It Lights Up My Life: Save the Albany Bulb

 

by Sasha Futran

 

This is a call to arms. Charge your cell phones. Turn on your computers. Get out your calendars, and put on comfortable going-to-meetin' clothes. Follow the yellow brick road to Mad Mark's castle. You are needed to save that glorious garbage dump again.

 

Yes, dump. Well, perhaps more accurately, a highly prized, much fought-over landfill that is shaped like a light bulb. It is my favorite place for off-leash outings, and once again government agencies are meeting and the likely outcome is leashed dogs.

 

Dogs love the Albany Bulb. It may be a landfill, but it is also the last piece of local wilderness, a place where dogs can truly explore rather than walking back and forth on an unchanging path. They love its many paths that twist and turn. They love the surprises - the rocks, rebar, and sudden tiny slopes to climb up or over, under or around. There's also a beach, with white dunes and hard-packed sand, that doesn't turn to sludge in low tide.

 

The Bulb changes, not only with the seasons, but also when someone has just visited with a paintbrush. In the past few weeks, I've seen a mobile of plastic carrots, apples, and Valentine's hearts dangling from a tree. I've chatted with an artist carving a dolphin from a giant piece of Styrofoam. I've watched the hundred ladybugs someone painted on a trail of stones and pebbles wear away. The murals are still in attendance, and there is always Mark's castle to visit, but the art is threatened, as well.

 

I've never seen a dog fight at the Bulb or heard an argument over dogs. As a trainer, sometimes I go there and work with dogs that are timid or anxious exactly because those dogs won't be overwhelmed. There is space for everyone, and the other dogs are simply having too much fun.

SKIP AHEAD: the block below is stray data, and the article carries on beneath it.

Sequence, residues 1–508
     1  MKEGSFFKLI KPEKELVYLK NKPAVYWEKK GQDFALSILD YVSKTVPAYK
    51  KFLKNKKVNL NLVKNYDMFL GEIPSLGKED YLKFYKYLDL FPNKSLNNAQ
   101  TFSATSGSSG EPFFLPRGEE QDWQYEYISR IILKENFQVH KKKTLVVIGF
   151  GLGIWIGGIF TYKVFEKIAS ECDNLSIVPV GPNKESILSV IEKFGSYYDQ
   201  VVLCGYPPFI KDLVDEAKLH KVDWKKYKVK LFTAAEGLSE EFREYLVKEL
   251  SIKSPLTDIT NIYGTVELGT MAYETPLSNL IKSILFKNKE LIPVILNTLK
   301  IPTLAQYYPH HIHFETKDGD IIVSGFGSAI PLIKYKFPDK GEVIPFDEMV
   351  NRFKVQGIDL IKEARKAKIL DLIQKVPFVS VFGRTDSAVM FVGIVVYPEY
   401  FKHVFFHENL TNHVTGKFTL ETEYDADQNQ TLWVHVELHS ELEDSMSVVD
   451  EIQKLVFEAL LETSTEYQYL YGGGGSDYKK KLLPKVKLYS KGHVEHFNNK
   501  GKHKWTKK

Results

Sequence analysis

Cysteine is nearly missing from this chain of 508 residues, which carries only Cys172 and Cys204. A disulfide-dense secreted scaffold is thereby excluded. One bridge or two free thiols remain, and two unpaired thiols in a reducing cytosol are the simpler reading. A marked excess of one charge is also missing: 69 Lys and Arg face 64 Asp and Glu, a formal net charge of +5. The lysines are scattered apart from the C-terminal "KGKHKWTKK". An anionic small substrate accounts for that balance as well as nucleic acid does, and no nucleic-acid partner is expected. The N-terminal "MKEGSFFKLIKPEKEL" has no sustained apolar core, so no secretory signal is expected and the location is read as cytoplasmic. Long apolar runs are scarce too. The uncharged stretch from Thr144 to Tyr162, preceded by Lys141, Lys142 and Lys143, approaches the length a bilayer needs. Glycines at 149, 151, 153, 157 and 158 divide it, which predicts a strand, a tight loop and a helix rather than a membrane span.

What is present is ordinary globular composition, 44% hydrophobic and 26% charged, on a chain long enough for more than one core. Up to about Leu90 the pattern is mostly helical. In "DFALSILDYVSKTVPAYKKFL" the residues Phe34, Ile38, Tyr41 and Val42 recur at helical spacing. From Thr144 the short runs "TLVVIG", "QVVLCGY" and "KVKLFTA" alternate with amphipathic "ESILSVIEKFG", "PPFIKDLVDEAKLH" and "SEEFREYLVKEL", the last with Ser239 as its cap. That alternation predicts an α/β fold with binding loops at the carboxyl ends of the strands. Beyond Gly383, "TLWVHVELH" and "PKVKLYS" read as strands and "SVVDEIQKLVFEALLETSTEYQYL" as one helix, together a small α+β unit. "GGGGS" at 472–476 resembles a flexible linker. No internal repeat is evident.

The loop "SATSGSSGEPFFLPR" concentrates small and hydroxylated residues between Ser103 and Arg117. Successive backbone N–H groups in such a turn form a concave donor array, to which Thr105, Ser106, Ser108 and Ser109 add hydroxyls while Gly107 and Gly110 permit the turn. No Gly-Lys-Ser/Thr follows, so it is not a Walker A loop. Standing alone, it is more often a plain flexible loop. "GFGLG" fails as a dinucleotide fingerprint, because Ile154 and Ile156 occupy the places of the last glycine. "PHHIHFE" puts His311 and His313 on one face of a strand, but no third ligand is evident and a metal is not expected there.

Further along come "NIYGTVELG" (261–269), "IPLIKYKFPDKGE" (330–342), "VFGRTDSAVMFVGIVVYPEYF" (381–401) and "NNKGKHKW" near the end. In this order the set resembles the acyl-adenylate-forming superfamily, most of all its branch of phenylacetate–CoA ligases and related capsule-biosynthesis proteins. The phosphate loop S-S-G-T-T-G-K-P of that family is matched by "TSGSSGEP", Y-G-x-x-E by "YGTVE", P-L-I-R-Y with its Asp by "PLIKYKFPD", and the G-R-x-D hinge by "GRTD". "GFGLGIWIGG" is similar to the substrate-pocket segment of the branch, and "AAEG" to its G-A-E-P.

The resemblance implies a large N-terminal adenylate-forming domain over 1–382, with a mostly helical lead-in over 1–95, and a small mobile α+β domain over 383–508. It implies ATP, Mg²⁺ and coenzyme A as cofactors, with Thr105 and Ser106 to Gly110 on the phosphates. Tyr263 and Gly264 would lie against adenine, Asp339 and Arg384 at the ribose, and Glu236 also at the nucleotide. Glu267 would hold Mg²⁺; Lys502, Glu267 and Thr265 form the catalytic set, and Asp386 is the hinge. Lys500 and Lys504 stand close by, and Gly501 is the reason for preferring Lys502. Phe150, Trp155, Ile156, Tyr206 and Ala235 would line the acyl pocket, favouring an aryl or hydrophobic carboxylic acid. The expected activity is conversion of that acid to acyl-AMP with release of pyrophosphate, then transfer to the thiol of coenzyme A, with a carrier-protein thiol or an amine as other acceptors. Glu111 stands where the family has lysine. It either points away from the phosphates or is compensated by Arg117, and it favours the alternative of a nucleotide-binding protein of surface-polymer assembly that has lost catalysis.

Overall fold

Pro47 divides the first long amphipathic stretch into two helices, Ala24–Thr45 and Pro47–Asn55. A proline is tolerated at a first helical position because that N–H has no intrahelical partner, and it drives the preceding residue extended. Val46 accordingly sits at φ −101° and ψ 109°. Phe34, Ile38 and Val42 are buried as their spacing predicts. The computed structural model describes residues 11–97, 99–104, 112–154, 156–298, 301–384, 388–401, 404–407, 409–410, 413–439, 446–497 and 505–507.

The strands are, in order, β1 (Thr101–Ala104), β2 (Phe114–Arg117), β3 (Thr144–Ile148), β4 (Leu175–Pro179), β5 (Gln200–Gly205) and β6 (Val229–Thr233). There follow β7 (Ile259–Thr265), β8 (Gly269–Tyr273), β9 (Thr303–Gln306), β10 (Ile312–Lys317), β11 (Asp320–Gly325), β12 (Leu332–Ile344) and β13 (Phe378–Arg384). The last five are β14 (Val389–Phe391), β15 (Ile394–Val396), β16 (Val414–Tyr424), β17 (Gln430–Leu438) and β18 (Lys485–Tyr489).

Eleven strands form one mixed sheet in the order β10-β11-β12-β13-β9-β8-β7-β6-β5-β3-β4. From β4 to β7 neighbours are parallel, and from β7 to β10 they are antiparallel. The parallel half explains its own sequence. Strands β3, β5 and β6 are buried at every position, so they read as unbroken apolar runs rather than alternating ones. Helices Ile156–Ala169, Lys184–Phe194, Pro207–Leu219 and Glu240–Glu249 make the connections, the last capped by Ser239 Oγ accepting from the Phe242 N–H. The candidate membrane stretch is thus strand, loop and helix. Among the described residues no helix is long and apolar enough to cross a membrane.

You can see people riding bikes, jogging, hiking, fishing, or picnicking with their children. The Albany Bulb is the essence of the Bay Area: an ever-changing place for a diverse group of people who have made it their own.

 

So if it works so well, why would anyone want to change it?

 

The problem is called the Eastshore State Park, a dandy plan for creating a recreational area along the bay from Oakland to Richmond that would be managed by the East Bay Regional Park District. Around the time that we entered a new millennium, various government agencies began to meet to decide what to do with the Albany Bulb and beach.

 

By December 2002, it was all over. We had lost. Dogs were to be leashed, and the art was to be removed. We didn't actually worry too much because the city of Albany was ordered to do an expensive environmental cleanup before the land could become part of the park, and Albany was broke. Signs did go up saying that dogs were to be leashed, but no one ever paid any attention. In only a few hours, the notices were mysteriously and artistically were altered to proffer the opposite message. Did I mention that there is an anarchistic heart and soul to the place?

 

Just a few weeks ago, the state decided there is no need for an environmental cleanup. At some point soon, off-leash dogs really will be banned, and the art will be destroyed. During the heyday of the last political skirmish, an alliance of artists and dog lovers called Let It Be! gathered over 5,000 signatures on petitions and brought hundreds of people to meetings and public hearings. Let It Be! is revving up once again and needs help. So why don't you and your dogs check out the Bulb located just north of the Albany race track? See if you don't agree that it is a doggone great place just the way it is.

 

 

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